There are far more ominous aspects of childhood vaccination to report than merely not preventing disease. In 1985, Dr. Viera Scheibner developed a baby-breathing monitor with a biomedical engineer in order to study and prevent Sudden Infant Death Syndrome (SIDS), which used to be called “crib death” in the United States, and is called “cot death” in Australia, where Scheibner is from. Scheibner put 150 of the Cotwatch units into the field, and began amassing data. It turned out that babies reacted to stress by breathing shallowly during sleep. In extreme cases, their breathing would stop. The Cotwatch alarms sounded with shallow breathing as well as when breathing stopped. Of the first babies monitored, 28 actually stopped breathing, but the Cotwatch alarm allowed them to be resuscitated. Scheibner began documenting the breathing incidents and various stresses, such as illness and tooth cutting. One area of highly significant evidence was the DPT (diphtheria-pertussis-tetanus) vaccine. DPT injections caused infant breathing incidents for about two months after administration. In an American study of SIDS, of 103 children who died of SIDS, more than two-thirds had been vaccinated prior to death, 70% of them within three weeks of death, with 13% dying within 24 hours of injection.
Between 1973 and 1983, according to the U.S. Centers for Disease Control and Prevention, 87% of all U.S. polio cases were caused by the vaccine. Polio was also quickly disappearing well before the vaccine was invented and administered, declining by 60% from 1923 to 1953, the year the vaccine was introduced, and polio cases increased in the New England states when the vaccine was introduced. By 1930, U.S. diphtheria deaths had already declined by 90% since 1900. In 1939, Germany instituted mandatory diphtheria vaccination, and immediately there were 150,000 cases of it. Occupied France was forced to submit to diphtheria vaccinations, and had 47,000 cases by 1943. Norway successfully resisted implementing the Nazi diphtheria vaccine, and only had 50 cases.
There are arguably no cases where vaccination vanquished a disease. In England and Wales, smallpox disappeared only when people refused to be inoculated. In 1881 there were nearly 4000 smallpox deaths per one million population, and the population was 96% vaccinated. By 1941, only 40% of the population was vaccinated, and smallpox deaths declined to one death per million. In heavily vaccinated Japan, 29,000 people died of smallpox in a seven-year period during the late 19th century. At the same time in Australia, mandatory vaccination was terminated when two children died from the vaccine, and there were subsequently only three cases of smallpox in Australia in fifteen years. The smallpox vaccine not only failed to prevent the disease, it actually introduced it, and the fatality rates of those vaccinated were higher than those who were not. Today, the smallpox vaccine is officially credited with eliminating smallpox in 1977. As Scheibner demonstrates from the scientific literature, today Africans are dying from “monkeypox,” not smallpox. It is partly a semantics game happening, to declare humankind free of smallpox. Yes, there is little smallpox today, but there is also little bubonic plague. No mass bubonic plague vaccine program was ever introduced.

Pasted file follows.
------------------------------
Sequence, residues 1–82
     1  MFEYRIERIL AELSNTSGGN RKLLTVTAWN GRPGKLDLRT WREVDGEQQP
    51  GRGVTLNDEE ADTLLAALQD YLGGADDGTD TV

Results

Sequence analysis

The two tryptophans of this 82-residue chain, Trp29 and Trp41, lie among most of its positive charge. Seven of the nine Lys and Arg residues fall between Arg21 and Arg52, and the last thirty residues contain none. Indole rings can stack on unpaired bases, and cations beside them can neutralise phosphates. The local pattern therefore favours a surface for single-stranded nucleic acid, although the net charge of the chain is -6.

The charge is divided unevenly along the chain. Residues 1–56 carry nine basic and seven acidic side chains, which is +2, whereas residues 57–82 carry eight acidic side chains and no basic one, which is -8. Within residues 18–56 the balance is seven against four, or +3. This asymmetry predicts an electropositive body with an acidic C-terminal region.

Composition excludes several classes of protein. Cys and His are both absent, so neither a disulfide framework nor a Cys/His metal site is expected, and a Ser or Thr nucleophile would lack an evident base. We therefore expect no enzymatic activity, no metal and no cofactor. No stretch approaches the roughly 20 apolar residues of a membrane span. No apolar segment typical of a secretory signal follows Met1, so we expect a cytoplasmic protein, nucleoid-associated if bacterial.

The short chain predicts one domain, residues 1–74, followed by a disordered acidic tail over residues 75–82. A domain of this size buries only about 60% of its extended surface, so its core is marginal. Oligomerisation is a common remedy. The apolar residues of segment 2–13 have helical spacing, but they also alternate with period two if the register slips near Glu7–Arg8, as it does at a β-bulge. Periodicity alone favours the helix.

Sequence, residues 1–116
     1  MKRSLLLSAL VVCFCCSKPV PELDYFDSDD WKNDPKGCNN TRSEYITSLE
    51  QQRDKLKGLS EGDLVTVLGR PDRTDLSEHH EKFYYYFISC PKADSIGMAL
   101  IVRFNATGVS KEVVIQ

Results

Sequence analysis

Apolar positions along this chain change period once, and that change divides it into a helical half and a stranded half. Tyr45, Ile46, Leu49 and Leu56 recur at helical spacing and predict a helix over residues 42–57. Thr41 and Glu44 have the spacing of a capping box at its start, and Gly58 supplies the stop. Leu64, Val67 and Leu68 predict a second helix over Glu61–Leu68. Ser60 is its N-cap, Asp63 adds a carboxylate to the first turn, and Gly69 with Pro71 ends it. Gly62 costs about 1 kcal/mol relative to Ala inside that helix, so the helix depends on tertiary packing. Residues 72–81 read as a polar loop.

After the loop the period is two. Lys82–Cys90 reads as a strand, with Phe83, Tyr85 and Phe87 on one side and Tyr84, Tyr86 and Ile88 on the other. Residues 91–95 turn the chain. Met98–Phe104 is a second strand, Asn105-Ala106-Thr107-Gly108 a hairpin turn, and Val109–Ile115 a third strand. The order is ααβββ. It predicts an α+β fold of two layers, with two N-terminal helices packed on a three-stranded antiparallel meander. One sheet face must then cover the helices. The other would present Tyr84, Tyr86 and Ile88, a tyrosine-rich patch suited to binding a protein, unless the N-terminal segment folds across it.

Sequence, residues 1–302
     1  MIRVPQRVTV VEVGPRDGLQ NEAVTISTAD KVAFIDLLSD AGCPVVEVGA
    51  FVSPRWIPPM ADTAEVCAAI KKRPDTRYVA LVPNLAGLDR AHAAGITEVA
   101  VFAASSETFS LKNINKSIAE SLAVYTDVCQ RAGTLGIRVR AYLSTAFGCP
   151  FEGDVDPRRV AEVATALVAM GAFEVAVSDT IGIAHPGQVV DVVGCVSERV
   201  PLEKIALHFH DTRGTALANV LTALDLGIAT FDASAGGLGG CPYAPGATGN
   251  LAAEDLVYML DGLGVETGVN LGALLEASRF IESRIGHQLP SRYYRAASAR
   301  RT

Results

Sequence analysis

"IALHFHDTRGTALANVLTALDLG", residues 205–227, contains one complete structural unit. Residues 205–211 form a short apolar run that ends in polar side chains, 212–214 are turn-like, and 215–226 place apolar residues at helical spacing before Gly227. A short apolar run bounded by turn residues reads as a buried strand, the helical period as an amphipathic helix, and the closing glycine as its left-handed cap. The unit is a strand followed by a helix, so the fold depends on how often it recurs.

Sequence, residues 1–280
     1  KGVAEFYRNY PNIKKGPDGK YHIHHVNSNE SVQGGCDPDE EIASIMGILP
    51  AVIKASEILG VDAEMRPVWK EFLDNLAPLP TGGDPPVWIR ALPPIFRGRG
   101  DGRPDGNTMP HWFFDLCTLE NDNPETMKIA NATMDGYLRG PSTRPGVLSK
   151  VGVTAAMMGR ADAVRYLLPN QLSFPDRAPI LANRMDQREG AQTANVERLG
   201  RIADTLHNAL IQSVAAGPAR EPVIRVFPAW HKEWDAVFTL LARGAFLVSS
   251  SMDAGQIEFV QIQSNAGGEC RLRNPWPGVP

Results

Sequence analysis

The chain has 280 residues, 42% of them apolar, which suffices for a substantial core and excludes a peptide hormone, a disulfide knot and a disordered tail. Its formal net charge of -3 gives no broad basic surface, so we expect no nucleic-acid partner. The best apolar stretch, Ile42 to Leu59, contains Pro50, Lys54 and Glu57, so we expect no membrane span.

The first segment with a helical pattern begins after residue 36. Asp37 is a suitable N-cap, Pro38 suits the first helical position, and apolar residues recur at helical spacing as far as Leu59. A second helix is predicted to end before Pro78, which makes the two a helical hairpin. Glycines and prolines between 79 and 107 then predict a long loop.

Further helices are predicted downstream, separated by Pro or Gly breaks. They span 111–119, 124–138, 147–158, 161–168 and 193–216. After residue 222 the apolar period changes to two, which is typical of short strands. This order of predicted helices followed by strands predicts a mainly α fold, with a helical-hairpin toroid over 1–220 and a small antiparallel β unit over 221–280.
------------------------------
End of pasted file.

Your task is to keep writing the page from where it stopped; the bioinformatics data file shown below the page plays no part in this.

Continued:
Again, my experience in reading Seth primed me to accept what science uncorrupted by commercial considerations has discovered. Seth stated that our vaccines are not a genuine disease, and injecting them into the body confuses it. Our medical systems ultimately create as much disease as they “cure.” Seth stated that epidemic diseases are more psychic in nature than anything else. Every soul leaves earth when it is ready, and mass death events are to some extent a mass protest by the participants to the times they live in. Seth said that with epidemic disease,
“Initially there is psychic contagion: Despair moves faster than a mosquito, or any outward carrier of a given disease. The mental state brings about the activation of a virus that is, in those terms, passive.
If humanity is to survive on earth much longer, perspectives such as Seth’s need to be heard, to help form the new paradigms. Seth also talks about sanitation and poverty as factors, but they are also outward manifestations of inward realities. Poverty and disease will be eliminated by love, not technology and ideologies, although they will play their role. Mystical material has always stressed the spiritual nature of health and illness. The greatest healer of all time is probably Jesus, and he carried no medicine bag. According to a book I read everyday for years, the Aquarian Gospel, when Jesus was in India, during the “lost years” of his life in the New Testament, Jesus became a pupil of India’s greatest healer, Udraka. Udraka spoke of obeying nature’s laws, and that obeying them would ensure health, and Udraka taught about physical medicine and the laws of harmony, and that there was a remedy in nature for every physical ailment. Udraka, however, taught:
“Of course the will of man is remedy supreme; and by the vigorous exercise of will, man may make tense a cord that is relaxed or may relax one that is too tense, and thus heal himself.
“When man has reached the place where he has faith in God, in nature and himself, he knows the Word of power; his word is balm for every wound, is cure for all the ills of life.